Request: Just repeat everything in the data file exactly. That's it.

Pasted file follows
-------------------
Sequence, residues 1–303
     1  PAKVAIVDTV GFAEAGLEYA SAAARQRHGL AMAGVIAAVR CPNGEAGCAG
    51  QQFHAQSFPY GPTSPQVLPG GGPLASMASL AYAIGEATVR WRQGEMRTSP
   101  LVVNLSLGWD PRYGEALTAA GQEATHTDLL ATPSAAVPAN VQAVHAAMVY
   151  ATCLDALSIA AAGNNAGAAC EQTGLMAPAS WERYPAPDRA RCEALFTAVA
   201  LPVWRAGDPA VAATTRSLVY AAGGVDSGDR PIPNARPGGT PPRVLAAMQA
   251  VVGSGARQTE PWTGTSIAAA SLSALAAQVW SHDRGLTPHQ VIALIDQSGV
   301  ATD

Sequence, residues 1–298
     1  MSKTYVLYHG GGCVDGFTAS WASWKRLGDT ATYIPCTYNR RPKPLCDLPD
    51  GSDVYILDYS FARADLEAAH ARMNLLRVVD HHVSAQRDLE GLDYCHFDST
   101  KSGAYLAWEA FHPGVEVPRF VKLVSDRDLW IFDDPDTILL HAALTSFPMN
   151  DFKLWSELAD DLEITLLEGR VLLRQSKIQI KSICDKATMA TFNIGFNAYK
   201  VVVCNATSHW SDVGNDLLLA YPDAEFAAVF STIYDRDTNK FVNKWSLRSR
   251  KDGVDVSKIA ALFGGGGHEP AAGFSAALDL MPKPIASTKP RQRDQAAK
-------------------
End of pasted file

Sequence, residues 1–303
     1  PAKVAIVDTV GFAEAGLEYA SAAARQRHGL AMAGVIAAVR CPNGEAGCAG
    51  QQFHAQSFPY GPTSPQVLPG GGPLASMASL AYAIGEATVR WRQGEMRTSP
   101  LVVNLSLGWD PRYGEALTAA GQEATHTDLL ATPSAAVPAN VQAVHAAMVY
   151  ATCLDALSIA AAGNNAGAAC EQTGLMAPAS WERYPAPDRA RCEALFTAVA
   201  LPVWRAGDPA VAATTRSLVY AAGGVDSGDR PIPNARPGGT PPRVLAAMQA
   251  VVGSGARQTE PWTGTSIAAA SLSALAAQVW SHDRGLTPHQ VIALIDQSGV
   301  ATD

Sequence, residues 1–298
     1  MSKTYVLYHG GGCVDGFTAS WASWKRLGDT ATYIPCTYNR RPKPLCDLPD
    51  GSDVYILDYS FARADLEAAH ARMNLLRVVD HHVSAQRDLE GLDYCHFDST
   101  KSGAYLAWEA FHPGVEVPRF VKLVSDRDLW IFDDPDTILL HAALTSFPMN
   151  DFKLWSELAD DLEITLLEGR VLLRQSKIQI KSICDKATMA TFNIGFNAYK
   201  VVVCNATSHW SDVGNDLLLA YPDAEFAAVF STIYDRDTNK FVNKWSLRSR
   251  KDGVDVSKIA ALFGGGGHEP AAGFSAALDL MPKPIASTKP RQRDQAAK